DiMaio Proposes Process to Force Menendez out of There


Despite mounting calls for U.S. Sen. Robert Menendez’ resignation following his indictment on federal corruption charges, the senator has not stepped down. Assembly Republican Leader John DiMaio (R-23) wants to introduce a constitutional amendment that would force him, and any other indicted elected official, to be suspended from office until acquittal or conviction. “Senator Menendez, like other indicted elected officials in the past, has lost the ability to put the people of New Jersey first. His uphill legal battle will require his full attention and the seriousness of the charges deals a major blow to the public’s trust,” DiMaio said. “Since he refuses to do the right thing, I feel compelled to have New Jerseyans vote on the best course of action. I think they will join me in supporting a constitutional amendment to remove Menendez from office until he can be cleared or convicted.” Upon joining the Legislature in 2009, DiMaio signed onto a proposed constitutional amendment (ACR130) that would provide for the temporary suspension and replacement of an indicted elected official. He plans on reintroducing the measure when the Legislature reconvenes this November. “Accusations of bribery, fraud and extortion would result in at least a suspension without pay in any other profession, but there is not mechanism currently in place to hold elected officials to the same standard, despite the need to protect the integrity of the office or the interests of the people of New Jersey,” DiMaio added. Under DiMaio’s proposal, the suspension and replacement process would apply to all levels of elected office in the state. If the official is acquitted of all charges or the charges are dismissed, the official would be restored to office for the remainder of the term. If convicted, the seat would be declared vacant and filled as permitted by law. “Even just the optics of appearing above the law and staying in an elected seat for personal reasons, goes against all the principles of public service. It’s an honor and privilege to serve the people of New Jersey, not an opportunity to pad your legal defense fund,” said DiMaio.

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5 responses to “DiMaio Proposes Process to Force Menendez out of There”

  1. The Republican Party has become famous for meaningless, unenforcrable, and unconstitutional proposals.

    The latest one is no exception.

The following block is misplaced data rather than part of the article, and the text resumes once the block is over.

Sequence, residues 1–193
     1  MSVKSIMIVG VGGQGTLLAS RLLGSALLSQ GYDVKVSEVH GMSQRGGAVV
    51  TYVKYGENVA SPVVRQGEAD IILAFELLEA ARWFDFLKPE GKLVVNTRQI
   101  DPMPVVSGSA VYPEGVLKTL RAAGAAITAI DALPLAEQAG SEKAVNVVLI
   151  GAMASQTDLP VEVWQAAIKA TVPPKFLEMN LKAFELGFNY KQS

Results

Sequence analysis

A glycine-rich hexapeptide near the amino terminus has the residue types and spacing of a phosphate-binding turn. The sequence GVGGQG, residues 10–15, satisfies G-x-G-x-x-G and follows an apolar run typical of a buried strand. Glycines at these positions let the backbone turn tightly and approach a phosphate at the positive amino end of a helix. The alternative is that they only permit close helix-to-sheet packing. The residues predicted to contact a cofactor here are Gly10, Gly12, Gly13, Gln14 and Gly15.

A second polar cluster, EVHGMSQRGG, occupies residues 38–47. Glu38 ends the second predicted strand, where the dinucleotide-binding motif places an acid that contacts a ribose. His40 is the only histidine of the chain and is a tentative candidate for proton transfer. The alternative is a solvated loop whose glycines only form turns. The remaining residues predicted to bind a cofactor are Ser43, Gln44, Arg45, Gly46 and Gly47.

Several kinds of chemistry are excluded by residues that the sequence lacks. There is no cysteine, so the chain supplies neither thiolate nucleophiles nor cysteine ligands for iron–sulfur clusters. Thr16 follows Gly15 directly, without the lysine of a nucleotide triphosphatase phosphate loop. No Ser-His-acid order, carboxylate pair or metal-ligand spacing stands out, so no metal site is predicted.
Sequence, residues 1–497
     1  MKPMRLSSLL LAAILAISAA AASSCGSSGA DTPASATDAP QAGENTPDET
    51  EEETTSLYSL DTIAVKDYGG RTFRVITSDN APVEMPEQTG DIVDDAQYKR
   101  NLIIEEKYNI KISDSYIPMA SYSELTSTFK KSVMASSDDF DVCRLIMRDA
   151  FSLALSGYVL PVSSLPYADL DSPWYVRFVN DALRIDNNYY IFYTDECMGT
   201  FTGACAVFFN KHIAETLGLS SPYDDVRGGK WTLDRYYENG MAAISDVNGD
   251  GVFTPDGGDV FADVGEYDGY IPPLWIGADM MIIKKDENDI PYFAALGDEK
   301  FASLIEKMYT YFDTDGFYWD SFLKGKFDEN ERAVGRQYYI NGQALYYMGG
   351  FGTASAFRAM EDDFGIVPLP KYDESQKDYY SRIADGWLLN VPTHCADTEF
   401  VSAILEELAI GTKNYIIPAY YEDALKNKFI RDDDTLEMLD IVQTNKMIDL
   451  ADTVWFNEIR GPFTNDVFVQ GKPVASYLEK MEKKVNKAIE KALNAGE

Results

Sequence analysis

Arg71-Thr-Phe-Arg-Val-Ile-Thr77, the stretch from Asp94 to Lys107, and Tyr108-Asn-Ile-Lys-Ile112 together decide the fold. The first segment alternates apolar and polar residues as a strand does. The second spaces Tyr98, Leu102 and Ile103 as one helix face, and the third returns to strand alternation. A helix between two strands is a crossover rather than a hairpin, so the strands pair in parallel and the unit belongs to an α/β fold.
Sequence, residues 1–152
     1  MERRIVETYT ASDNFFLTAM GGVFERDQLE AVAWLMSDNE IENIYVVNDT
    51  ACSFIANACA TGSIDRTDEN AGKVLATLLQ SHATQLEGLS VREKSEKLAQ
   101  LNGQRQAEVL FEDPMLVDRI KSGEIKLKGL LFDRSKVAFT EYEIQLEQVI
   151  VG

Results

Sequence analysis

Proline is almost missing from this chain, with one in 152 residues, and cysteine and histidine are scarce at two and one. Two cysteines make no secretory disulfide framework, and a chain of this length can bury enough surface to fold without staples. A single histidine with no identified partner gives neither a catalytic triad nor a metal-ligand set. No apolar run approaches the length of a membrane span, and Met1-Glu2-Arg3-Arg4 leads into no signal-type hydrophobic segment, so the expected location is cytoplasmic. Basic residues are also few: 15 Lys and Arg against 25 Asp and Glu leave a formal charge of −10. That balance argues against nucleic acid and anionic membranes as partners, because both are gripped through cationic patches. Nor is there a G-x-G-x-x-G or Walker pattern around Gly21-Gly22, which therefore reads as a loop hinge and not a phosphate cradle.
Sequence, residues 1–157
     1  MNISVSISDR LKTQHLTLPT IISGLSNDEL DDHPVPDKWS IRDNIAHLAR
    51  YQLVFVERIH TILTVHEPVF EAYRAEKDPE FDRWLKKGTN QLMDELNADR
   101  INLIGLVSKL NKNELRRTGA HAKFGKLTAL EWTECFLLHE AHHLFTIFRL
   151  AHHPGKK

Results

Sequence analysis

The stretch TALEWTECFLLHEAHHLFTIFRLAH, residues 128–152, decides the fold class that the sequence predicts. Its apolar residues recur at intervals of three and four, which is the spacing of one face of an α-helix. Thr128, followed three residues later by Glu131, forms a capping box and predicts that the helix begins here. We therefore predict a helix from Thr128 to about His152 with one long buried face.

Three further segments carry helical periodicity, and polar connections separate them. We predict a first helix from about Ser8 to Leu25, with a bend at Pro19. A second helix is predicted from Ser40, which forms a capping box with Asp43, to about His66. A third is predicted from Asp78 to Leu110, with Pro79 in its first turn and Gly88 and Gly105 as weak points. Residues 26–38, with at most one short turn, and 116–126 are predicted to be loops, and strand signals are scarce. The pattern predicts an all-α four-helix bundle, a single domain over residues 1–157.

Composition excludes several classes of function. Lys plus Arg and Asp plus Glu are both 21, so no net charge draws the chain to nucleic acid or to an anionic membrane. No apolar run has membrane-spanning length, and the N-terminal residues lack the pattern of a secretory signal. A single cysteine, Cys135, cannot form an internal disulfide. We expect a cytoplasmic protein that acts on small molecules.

State Assembly Minority Leader John DeMaio, whose 23rd Legislative District includes parts of Hunterdon and Somerset counties, is introducing legislation inspired by the recent indictment of Senator Robert Menendez.

    His proposal, a constitutional amendment, would mandate that any elected official indicted for a felony would be suspended from office, pending resolution of the charges against them. A temporary replacement would be named, and the indicted official would be allowed to resume office if cleared of the charges.

    DeMaio openly has stated that his legislation would target Menendez and force him from office. As he said, “Since he refuses to do the right thing, I feel compelled to have New Jerseyans vote on the best course of action. I think they will join me in supporting a constitutional amendment to remove Menendez from office until he can be cleared or convicted.”

    There’s just one problem.
    It can’t.

    Now, first, let me state that I am in no way defending the Senator. I believe, as many state officials have said, that he should step down and allow Governor Phil Murphy to select a replacement. As of now, however, Menendez has stated that he will remain in office and fight the charges. That’s certainly his right, misguided as it is.

    And DeMaio’s legislation would be acceptable if applied to any state-elected official, such as governor, member of the Legislature, or county or local officeholders.

    But it cannot legally be applied to a United States Senator or member of Congress.
    Brcause it violates Article I, section 5 of the United States Constitution, which provides that “Each House [of Congress] may determine the Rules of its proceedings, punish its members for disorderly behavior, and, with the concurrence of two-thirds, expel a member.”

    This means that a no state Legislature can take action to remove a member of the House or Senate. DeMaio has to know this, unless he’s stupid, ignorant or missed civics class in high school; therefore his proposal is merely a grandstanding effort to bring attention to himself in an election year.

    Of course, if DeMaio had bothered to research the matter prior to making a reckless proposal, he would know this. But, as is the case with Republicans, his partisan brain is writing checks that cannot be cashed. If this bill were to be passed–and it has to go through the legislative process first–it would never make it to the voters for approval because of its unconstitutionality.

    I would advise DeMaio to READ the United States Constitution next time before opening his mouth.

  2. The law addresses any politician, whether state or federal. That’s because Congresscritters and U.S. Senators are nominated by state party and legislative members. State legislators and party members have total say in what federal legislators from this state do and how they’re appointed, nominated and voted for. That’s the reality of it.

  3. NoMoreMarxistsInDC, as usual, dipshit, you are wrong. The UNITED STATES CONSTITUTION–ever read it? – – clearly states that ONLY the House and Senate may remove members. DeMaio’s proposal could only be applied to state officials. That said, I believe Menendez should resign. Or the Senate could expel him. But a state Legislature cannot. Next time, know your facts.

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